I have to say that one of the more frustrating aspects of being a consultant is being expendable. If I was the CMIO or a medical director, my opinions might have more impact. But when you have two consultants contradicting each other, there’s some cognitive effort required to untangle the issues, which it seems some health systems aren’t eager to do.
I find this situation particularly ironic. Where I’m trying to save them money, aggravation, and employee morale, the other consultant is trying to sell them something that’s going to cost money, time, and frustration. It should be an easy decision, but healthcare decision-making is often less than straightforward. It seems to be an easier decision to do what has already been started rather than raise questions.
This situation also illustrates something I’m seeing more often, which is organizations that have so many consultants in the mix that they need resources just to manage the consultants and their activities. Different parts of the organization may have their own consultants doing the same work, or it may be contradictory. I’ve watched the office equivalent of a steel cage match when consultants hired by the finance team face off against those hired by the clinical team. One of the combatants will inevitably tag out to the IT team, which may be allying itself with one or both of the other teams depending on which way the organizational winds are blowing.
There is a lot of time, money, and energy wasted in these non-coordinated approaches, but I’ve seen multiple situations where no one is willing to step in and stop the madness. I try to do my best (within the confines of my engagement and the personal relationships I’ve built at the organization, of course) to calm things down where I think I can make a difference, but it’s definitely challenging.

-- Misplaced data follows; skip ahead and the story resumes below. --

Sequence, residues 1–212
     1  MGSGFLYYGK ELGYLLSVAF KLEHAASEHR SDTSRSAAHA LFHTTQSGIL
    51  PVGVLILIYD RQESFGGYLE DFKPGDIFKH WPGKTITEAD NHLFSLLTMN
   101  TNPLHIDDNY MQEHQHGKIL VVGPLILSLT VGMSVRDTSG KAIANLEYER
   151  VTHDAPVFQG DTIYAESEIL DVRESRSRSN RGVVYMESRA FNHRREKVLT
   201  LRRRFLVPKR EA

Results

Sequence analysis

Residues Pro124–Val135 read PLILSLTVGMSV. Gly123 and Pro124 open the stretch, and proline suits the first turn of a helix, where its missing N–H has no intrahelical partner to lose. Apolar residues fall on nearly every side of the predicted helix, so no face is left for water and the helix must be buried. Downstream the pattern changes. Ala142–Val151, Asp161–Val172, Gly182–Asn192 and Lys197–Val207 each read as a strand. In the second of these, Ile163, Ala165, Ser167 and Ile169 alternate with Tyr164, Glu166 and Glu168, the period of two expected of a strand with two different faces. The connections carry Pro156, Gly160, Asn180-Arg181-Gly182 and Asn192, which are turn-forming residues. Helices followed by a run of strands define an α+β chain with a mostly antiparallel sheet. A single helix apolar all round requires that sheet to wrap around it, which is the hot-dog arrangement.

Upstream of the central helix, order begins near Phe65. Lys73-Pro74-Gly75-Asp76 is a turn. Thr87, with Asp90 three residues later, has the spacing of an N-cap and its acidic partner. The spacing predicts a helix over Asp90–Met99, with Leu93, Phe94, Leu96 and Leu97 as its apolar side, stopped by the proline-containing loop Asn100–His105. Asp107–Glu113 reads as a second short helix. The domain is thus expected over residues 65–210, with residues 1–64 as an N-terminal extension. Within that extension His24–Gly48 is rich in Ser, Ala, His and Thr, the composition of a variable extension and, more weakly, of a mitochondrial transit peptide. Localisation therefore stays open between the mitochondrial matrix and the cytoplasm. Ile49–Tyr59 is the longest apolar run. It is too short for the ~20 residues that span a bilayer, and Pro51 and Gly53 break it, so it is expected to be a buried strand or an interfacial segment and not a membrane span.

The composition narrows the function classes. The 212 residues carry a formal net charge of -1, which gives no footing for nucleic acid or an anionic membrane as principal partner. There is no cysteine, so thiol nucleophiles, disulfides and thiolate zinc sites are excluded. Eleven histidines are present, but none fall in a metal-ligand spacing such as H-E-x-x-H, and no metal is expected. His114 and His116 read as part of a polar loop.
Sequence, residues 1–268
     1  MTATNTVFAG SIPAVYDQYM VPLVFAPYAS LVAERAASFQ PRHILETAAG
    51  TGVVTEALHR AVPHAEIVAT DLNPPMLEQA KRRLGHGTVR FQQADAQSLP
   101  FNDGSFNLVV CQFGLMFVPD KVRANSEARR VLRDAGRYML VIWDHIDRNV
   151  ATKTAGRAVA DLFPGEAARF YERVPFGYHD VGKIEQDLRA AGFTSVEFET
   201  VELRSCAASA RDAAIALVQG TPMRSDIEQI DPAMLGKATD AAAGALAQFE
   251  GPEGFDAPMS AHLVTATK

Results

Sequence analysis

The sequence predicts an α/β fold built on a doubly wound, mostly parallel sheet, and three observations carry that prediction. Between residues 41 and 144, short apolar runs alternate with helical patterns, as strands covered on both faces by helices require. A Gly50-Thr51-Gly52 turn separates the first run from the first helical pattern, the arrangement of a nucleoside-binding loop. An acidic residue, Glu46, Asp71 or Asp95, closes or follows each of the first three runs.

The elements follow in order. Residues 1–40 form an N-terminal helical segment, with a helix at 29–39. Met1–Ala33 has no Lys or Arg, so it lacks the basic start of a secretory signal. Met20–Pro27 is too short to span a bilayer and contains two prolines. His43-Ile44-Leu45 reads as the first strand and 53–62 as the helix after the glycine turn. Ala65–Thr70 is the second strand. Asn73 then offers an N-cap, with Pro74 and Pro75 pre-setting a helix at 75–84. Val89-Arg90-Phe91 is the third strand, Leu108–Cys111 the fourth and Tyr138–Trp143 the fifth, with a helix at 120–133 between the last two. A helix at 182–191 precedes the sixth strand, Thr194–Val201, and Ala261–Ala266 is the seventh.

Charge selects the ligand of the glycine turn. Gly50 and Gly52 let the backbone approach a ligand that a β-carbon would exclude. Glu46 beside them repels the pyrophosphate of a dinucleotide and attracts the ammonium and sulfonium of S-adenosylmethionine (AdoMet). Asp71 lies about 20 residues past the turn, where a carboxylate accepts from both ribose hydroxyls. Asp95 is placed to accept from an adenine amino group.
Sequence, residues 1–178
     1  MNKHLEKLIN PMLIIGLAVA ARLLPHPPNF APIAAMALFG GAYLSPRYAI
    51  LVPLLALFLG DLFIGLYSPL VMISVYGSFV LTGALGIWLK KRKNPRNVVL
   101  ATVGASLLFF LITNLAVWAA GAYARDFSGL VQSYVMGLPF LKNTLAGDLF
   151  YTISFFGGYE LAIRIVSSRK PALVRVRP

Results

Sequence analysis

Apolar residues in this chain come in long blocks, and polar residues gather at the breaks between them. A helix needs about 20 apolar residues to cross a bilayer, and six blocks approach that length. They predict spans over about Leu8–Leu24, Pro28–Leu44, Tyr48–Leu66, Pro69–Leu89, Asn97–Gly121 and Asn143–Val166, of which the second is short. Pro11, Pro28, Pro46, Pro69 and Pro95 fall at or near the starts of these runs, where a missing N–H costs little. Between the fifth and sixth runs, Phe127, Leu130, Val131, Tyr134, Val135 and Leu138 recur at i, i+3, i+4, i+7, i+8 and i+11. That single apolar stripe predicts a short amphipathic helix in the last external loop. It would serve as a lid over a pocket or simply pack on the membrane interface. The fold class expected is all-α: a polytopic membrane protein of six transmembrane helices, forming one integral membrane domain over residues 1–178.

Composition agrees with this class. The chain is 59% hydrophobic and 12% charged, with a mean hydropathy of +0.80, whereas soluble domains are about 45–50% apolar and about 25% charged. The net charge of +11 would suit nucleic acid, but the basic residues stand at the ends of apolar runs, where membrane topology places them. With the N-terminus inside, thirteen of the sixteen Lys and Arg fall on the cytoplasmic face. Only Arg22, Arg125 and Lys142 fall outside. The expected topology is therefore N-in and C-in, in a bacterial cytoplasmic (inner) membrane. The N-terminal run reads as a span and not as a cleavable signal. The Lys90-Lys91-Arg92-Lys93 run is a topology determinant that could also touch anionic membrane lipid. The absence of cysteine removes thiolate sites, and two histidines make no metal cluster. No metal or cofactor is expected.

When I see these situations, it generally points to a larger problem with organizational leadership and a lack of executive sponsorship at the appropriate level. When organizations are having functional leadership meetings and various teams have a common understanding of organizational goals and budgetary and time constraints, the situations are much more productive. Teams with potentially competing initiatives can actually talk to each other and work together for a solution that creates common ground rather than succumbing to an “us vs. them” mentality.
With my current client, I’m hoping that while doing engagements to support their legacy software, I’ll be able to build relationships and the political capital needed to approach them with an engagement around the change leadership and management challenges that are the root of many of their struggles.
Unfortunately, it feels like they see the move to Epic as the be-all, end-all that is going to solve their problems. It may solve some problems, but it’s going to create new ones that they’re not expecting, or exacerbate underlying issues that they may have overlooked. History tends to repeat itself in these situations and I would love to see greater information sharing among those in the trenches so that they can avoid the pitfalls that I see over and over. There’s only so much I can do from the consulting perspective, but I’m going to keep trying.
How many consultants are involved at your organization? Email me.
Email Dr. Jayne.